The topic of the paper is “Gimme Shelter” movie, as a cult film of 1970, a film with unusual cautionary story. This movie shows the story of a group «The Rolling Stones» in 1969, when the Stones were at the peak of their popularity and traveled all over America on tour. But it’s not just a film about the live performance of the super popular group, but rather about the tragic events occurred during a concert in the Altamont. Having shown the murder of a man during the concert, the film thus drew attention to the problem of counterculture, and especially the problem of violence. Thus, “Gimme Shelter” signed the “end” of the 1960s counterculture. (Kirkpatrick, 2009)
Altamont race track and this concert are in the main focus in the film. Altamont was conceived as a response to the West Coast to the immense popularity of Woodstock, as the owner of the track gave it for the concert in hope of making free advertising to it. But in fact this place became famous for a cruel murder, when one of the spectators was stabbed to death by a member of the biker gang “Hell’s Angels”. And it happened not more than fifteen meters from the scene, where they played Rolling Stones. The incident, captured in the film, has a fascinating moral ambiguity, which can be found only in real life. And it is a well-made documentary, which does not violate this ambiguity.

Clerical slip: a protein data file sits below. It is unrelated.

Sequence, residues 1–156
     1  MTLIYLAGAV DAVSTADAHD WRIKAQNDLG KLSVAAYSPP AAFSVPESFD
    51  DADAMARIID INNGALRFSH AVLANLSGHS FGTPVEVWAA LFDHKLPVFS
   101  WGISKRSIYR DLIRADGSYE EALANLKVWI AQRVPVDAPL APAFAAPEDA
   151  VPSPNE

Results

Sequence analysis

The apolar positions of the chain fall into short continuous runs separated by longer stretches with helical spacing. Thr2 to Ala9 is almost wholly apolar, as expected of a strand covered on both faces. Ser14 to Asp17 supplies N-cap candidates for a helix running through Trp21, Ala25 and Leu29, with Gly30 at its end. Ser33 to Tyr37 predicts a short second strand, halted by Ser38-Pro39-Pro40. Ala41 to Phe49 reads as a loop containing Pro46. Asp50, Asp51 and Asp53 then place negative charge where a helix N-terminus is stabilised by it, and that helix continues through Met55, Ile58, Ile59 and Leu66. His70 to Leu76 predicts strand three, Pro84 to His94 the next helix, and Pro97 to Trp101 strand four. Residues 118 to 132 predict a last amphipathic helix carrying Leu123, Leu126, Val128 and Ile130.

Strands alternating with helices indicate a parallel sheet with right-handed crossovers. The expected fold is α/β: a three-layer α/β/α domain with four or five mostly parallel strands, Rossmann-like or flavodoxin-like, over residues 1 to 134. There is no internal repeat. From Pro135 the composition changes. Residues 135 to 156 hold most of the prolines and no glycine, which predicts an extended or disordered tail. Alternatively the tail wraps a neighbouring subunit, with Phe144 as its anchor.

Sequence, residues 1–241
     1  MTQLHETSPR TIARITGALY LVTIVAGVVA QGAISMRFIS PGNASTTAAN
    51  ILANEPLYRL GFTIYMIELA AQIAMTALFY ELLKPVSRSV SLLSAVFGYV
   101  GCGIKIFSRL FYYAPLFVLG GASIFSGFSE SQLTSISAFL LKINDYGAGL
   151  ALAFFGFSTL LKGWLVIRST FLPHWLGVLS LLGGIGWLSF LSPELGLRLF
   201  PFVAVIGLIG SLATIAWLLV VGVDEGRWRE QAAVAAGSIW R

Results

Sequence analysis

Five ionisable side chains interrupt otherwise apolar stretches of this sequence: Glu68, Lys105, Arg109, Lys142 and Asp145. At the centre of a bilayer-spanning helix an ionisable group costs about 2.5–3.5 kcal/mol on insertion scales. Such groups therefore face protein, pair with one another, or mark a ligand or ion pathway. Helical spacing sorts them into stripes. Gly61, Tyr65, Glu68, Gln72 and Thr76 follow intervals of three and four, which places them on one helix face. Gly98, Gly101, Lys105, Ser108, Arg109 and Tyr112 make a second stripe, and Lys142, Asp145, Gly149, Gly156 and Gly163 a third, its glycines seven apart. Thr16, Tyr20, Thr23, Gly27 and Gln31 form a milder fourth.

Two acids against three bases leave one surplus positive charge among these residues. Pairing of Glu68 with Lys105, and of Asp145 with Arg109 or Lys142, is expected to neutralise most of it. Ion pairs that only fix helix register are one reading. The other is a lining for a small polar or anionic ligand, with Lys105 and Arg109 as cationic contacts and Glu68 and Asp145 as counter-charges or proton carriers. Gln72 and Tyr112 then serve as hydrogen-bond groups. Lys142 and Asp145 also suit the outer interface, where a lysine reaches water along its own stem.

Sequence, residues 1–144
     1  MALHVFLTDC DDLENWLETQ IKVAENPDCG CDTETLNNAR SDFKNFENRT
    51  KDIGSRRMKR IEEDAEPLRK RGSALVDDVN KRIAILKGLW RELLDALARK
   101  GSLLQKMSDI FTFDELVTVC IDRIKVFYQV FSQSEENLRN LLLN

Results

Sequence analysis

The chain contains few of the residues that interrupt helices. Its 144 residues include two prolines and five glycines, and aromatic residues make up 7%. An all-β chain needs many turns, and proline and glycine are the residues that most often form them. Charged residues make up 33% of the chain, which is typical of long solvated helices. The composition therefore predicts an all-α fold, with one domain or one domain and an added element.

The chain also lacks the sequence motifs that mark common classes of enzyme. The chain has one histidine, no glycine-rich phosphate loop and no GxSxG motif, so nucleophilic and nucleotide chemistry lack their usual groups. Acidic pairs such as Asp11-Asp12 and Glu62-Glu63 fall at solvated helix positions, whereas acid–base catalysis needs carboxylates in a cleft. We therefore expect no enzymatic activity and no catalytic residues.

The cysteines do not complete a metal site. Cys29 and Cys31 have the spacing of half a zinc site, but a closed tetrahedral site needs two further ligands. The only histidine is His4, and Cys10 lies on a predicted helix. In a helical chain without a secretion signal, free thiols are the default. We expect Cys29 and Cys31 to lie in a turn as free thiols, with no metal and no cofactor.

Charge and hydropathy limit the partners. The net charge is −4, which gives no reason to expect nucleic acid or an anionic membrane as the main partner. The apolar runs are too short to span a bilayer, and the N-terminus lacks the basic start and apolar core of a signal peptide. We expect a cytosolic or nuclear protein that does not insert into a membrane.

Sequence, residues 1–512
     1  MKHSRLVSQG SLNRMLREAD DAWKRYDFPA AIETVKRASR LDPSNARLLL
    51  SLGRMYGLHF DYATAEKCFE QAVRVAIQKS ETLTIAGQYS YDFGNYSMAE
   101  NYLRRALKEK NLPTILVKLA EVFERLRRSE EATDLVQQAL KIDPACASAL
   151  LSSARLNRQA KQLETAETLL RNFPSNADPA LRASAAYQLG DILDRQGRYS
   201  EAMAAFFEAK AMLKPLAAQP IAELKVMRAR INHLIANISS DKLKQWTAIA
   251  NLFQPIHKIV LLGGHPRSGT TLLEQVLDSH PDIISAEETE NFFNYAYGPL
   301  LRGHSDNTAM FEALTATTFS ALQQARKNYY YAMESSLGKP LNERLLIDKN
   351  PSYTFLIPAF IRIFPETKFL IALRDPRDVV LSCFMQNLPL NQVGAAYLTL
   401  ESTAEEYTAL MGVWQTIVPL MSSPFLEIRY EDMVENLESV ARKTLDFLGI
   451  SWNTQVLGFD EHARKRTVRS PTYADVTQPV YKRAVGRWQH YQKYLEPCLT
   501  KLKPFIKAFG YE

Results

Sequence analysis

“Gimme Shelter” is a great movie about rock ‘n ‘ roll, and well constructed documentary, and the most important that it gives a look at the end of the era of 1960-s. The most telling episode in the picture is not even the infamous scene of the murder, but the final shots, showing the audience going home the next morning after the concert: tired fans of the fading era, people helplessly walk with bleary-views in a cold, inhospitable morning light.
If the cautionary story can be inspiring and interesting, this is exactly such a story. And if Woodstock gives a feeling of nostalgia for the era of hippies and rock’n’roll, the “Gimme Shelter” recalls why it was destined to end. (Canby, 1970)
Canby V. “GIMME SHELTER”. The New York Times, December 7, 1970. Web.
Kirkpatrick, R. 1969: The Year Everything Changed. New York: Skyhorse Publishing, 2009
Quirk J. “Visions of Altamont”. The Guardian, 19 September 2009. Web.